Senior Member
 
bertinjim's Avatar
 
Join Date: Mar 2012
Location: Niagara Region, Canada
Posts: 1,030

Bikes: 1960s Bertin C37, 1970s Bertin C 37

Mentioned: 26 Post(s)
Tagged: 0 Thread(s)
Quoted: 176 Post(s)
Likes: 0
Liked 13 Times in 10 Posts
polymorphself-

1. Am I right in thinking that the year here is somewhere between 1971-1974? Serial is 2497126.

From the decals, I would say your age range is correct.

2. Is this stem safe? If so, which size of these bars should I be ordering, 22.2 or 23.8?

Probably safe. Inspect carefully and measure the opening carefully with digital calipers for the correct size. The VO bars are very close to the originals in design.

3. It did have a bottom bracket, but it was rough and needed to be removed by my local shop. They ended up needing to use heat to remove it, which discolored the edges of the frame in this area a little, which they told me would not have jeopardized the steel at all. What are your thoughts based on pictures below?

The paint is not bad at all, given the heating. No problem with the steel - it would have charred the paint off at a temperature affecting the steel's temper.

4. What recommendations would you have for replacing the wheels?

Normandy high flange hubs with quick releases would have been OEM equipment but be sure to get 700C sized alloy rims. Be careful of the freewheel threading. If English, you will need a new freewheel since the original French threaded one is incompatible. Get good tires like Panaracer Paselas.

5. What recommendations would you have for replacing the bottom bracket and crankset?

Go on EBay and buy a Stronglight TS crankset with a French threaded bottom bracket. This was OEM on some Peugeot mixtes. Check carefully that your pedals and crankset pedal drillings are French. You will likely need a special crank extractor to use on these. https://www.steintool.com/portfolio-...nk-extractors/ A modern 22 mm extractor will strip the threads of a TS and destroy the crankset.

6. What recommendations would you have for replacing the chain wheel?

The chainwheel will come with the TS crankset and TS rings can be found as low as 38T inners.

7. Thoughts on the original Simplex rear derailleur?

The Simplex Prestige is held in contempt by many but if there is no cracking in the black, Delrin plastic it will be a good shifting rear derailleur. Keep the front you have already. The Prestige will shift better with Simplex alloy levers as the OEM plastic ones flex badly and are non-linear in feel.

White Testors should do for touch up as well as black for the pinstripes. I restored a similar bike for my wife several years ago and it turned out to be a surprisingly light, very pleasant ride.
bertinjim is offline  
Old 09-07-19, 05:55 AM
  #4  
BFisher
Senior Member
 
BFisher's Avatar
 
Join Date: Aug 2013
Location: NEPA
Posts: 481

Bikes: '61 Schwinn Klunker, '68 Hercules Klapprad, '71 Peugeot UO8, '78 Motobecane Grand Jubile, '79 Motobecane Grand Sprint, '87 Ironman Expert, '89 Puch Mistral Leader, '92 Trek 930

Mentioned: 9 Post(s)
Tagged: 0 Thread(s)
Quoted: 109 Post(s)
Liked 98 Times in 72 Posts
Cool project. I'll show you my '71 and explain the changes I made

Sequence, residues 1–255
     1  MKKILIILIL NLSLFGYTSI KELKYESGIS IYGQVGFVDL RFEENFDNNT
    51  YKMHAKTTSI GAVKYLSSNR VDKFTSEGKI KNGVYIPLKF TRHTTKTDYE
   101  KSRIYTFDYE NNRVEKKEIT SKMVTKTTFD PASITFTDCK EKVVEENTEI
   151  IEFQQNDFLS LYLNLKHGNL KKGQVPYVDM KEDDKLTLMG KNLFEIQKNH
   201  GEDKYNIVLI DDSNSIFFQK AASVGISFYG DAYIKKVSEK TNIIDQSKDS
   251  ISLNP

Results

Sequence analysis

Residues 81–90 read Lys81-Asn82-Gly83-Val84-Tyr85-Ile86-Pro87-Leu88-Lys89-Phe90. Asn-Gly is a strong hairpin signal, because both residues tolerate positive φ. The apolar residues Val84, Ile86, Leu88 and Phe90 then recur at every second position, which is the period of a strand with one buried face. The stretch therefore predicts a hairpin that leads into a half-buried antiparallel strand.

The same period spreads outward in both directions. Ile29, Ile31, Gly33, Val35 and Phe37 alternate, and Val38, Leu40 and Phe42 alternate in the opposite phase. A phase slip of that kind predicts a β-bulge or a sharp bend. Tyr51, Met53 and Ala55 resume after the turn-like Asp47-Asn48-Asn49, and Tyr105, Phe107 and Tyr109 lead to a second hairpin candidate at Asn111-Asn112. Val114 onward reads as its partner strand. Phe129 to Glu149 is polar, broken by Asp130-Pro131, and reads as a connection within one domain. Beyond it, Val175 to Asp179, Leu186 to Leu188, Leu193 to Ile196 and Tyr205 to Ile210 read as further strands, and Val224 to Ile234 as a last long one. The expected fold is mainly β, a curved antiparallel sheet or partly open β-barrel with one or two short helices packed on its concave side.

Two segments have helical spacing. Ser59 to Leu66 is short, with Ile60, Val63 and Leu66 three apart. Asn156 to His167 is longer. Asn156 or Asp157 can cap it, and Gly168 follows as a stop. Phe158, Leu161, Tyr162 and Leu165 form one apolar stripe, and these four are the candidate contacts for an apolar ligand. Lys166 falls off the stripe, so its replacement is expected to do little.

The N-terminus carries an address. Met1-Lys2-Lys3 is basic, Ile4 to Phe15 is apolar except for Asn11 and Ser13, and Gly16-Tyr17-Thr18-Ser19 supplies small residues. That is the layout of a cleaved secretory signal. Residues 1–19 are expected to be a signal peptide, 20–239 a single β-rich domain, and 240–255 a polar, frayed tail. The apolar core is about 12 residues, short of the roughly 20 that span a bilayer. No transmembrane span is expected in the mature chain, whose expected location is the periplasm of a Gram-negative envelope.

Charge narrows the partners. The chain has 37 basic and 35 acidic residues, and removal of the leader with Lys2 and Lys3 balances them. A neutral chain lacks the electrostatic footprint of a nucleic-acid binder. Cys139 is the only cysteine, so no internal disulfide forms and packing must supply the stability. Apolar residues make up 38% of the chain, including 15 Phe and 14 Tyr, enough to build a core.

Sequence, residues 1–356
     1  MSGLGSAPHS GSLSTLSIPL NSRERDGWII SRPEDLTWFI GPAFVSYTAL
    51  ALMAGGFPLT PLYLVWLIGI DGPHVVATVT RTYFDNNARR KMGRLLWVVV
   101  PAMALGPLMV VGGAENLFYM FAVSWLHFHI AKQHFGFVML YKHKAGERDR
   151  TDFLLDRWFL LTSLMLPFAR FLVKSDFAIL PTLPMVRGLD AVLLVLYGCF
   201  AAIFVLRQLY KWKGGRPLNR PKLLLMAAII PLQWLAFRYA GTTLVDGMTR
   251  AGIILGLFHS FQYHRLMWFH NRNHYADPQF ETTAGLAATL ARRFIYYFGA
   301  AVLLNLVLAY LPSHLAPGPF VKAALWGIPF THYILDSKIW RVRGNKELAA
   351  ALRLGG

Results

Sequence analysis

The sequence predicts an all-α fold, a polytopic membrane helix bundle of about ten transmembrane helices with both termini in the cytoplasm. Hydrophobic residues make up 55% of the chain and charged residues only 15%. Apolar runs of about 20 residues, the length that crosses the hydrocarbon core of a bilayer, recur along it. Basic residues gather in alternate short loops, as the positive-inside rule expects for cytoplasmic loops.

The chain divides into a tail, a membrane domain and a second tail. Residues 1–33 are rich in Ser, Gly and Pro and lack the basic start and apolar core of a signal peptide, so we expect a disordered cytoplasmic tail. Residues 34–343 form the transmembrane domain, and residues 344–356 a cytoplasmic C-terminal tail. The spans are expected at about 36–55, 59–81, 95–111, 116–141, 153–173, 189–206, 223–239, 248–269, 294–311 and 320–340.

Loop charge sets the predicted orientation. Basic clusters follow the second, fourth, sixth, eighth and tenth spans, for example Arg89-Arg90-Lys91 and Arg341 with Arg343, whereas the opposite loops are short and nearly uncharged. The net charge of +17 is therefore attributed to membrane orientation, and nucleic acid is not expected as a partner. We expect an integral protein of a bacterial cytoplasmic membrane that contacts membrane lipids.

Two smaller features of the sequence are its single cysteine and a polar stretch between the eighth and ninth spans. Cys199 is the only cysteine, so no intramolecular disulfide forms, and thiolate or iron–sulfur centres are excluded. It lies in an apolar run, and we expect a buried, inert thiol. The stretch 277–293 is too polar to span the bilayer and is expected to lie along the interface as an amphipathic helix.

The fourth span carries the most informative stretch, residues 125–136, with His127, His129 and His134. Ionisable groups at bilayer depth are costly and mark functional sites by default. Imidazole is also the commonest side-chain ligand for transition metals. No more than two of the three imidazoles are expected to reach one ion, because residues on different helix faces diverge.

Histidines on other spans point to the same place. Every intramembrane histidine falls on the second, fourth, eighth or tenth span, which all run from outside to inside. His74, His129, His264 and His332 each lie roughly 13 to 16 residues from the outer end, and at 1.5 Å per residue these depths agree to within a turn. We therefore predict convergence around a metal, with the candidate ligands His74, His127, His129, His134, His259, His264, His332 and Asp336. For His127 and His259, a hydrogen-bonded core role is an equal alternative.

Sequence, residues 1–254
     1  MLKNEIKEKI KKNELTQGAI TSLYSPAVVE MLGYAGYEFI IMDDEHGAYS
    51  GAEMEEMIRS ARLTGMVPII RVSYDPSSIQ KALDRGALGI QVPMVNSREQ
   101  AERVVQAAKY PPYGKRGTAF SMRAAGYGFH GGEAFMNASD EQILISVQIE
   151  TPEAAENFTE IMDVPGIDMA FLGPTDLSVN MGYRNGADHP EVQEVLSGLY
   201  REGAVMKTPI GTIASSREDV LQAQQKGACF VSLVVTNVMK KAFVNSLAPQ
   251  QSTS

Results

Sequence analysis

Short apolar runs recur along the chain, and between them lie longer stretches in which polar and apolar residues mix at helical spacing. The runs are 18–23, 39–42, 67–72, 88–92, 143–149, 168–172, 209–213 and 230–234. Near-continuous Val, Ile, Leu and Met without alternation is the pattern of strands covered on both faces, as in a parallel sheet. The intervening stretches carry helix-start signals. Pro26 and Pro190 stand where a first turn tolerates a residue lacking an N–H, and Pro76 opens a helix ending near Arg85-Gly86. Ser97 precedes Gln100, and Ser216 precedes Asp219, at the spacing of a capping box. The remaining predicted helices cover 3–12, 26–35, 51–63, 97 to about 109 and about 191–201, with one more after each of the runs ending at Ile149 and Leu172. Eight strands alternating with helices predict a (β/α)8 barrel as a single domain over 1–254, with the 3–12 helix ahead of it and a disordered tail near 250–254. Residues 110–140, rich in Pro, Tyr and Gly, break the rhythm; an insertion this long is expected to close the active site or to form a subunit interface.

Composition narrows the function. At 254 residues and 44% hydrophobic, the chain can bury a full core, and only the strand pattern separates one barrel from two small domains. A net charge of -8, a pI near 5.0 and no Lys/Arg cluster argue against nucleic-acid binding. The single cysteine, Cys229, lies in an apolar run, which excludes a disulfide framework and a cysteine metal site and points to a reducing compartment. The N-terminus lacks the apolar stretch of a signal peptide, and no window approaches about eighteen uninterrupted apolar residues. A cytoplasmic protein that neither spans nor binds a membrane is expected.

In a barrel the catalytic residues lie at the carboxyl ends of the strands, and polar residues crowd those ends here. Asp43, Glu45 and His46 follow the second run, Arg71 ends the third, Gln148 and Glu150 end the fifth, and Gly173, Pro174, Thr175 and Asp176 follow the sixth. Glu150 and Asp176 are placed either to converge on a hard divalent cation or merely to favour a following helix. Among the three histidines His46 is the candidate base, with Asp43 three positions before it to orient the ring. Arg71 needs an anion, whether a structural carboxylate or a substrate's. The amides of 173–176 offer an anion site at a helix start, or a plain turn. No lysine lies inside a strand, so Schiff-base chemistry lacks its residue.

Based on your serial # and decals, yours is probably a '72, but I don't know if that can be verified.

For the stem, I sanded a 22.2 quill stem until it fit into my steerer tube. I didn't trust the original stem, and the material of the replacement stem is much thicker, even after sanding. SR also made a nice 22.0 quill stem. I have one on my Motobecane Grand Jubile.

The bottom bracket shell looks fine. Note that French threading is unique. With my bike, I found a steel cotterless crankset, with French bottom bracket, for a great price. You can either try to find a matching set like that, or get a French bottom bracket from Velo Orange.

For wheels, check Velomine for 5,6, and 7 speed thread-on freewheel wheelsets. That's what I did. Mine are Weinmann LP18 rims laced to Origin8 (I think) sealed bearing hubs. They are nice wheels for the money. No issues with them here. They were also available from a few other vendors.

The Simplex derailleur could work, but I replaced mine with a Suntour unit. Those plastic parts don't age well and can crack to pieces.

Last edited by BFisher; 09-07-19 at 05:58 AM.
BFisher is offline  
Old 09-07-19, 11:27 AM
  #5  
ryansu 
Ride.Smile.Repeat
 
ryansu's Avatar
 
Join Date: May 2011
Location: Seattle WA
Posts: 2,102

Bikes: 2009 Handsome Devil, 1978 Motobecane Grand Touring, 1987 Nishiki Cresta GT, Former bikes; 1986 Miyata Trail Runner, 1979 Miyata 912, 2011 VO Rando, 1999 Cannondale R800, 2012 Soma Smoothie, 1986 Schwinn Passage

Mentioned: 63 Post(s)
Tagged: 0 Thread(s)
Quoted: 556 Post(s)
Liked 139 Times in 111 Posts
+1 on @BFisher recommendations. Sanding down a 22.2 stem doesn't take all that long, eliminates any worry of "death stems" and means you have many options in bars and not just limited to what you can find on French Ebay. I have heard folks say on this forum that an Origin 8 classic stem will fit with no sanding but have not tried it myself. If you get a French bb from VO then you also have many options in cranks and thus pedals again not limiting you to French ebay the VO French BB has a JIS taper - works with most cranks.